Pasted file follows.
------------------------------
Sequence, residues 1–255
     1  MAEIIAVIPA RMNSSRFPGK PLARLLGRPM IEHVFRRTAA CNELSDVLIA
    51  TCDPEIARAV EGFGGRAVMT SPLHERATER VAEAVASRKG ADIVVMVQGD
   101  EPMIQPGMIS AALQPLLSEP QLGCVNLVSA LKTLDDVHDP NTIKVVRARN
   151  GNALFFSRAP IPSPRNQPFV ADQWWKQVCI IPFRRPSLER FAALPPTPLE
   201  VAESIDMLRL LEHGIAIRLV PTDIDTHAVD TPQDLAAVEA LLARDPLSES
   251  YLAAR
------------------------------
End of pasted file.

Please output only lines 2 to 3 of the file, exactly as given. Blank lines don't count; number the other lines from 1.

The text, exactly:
     1  MAEIIAVIPA RMNSSRFPGK PLARLLGRPM IEHVFRRTAA CNELSDVLIA
    51  TCDPEIARAV EGFGGRAVMT SPLHERATER VAEAVASRKG ADIVVMVQGD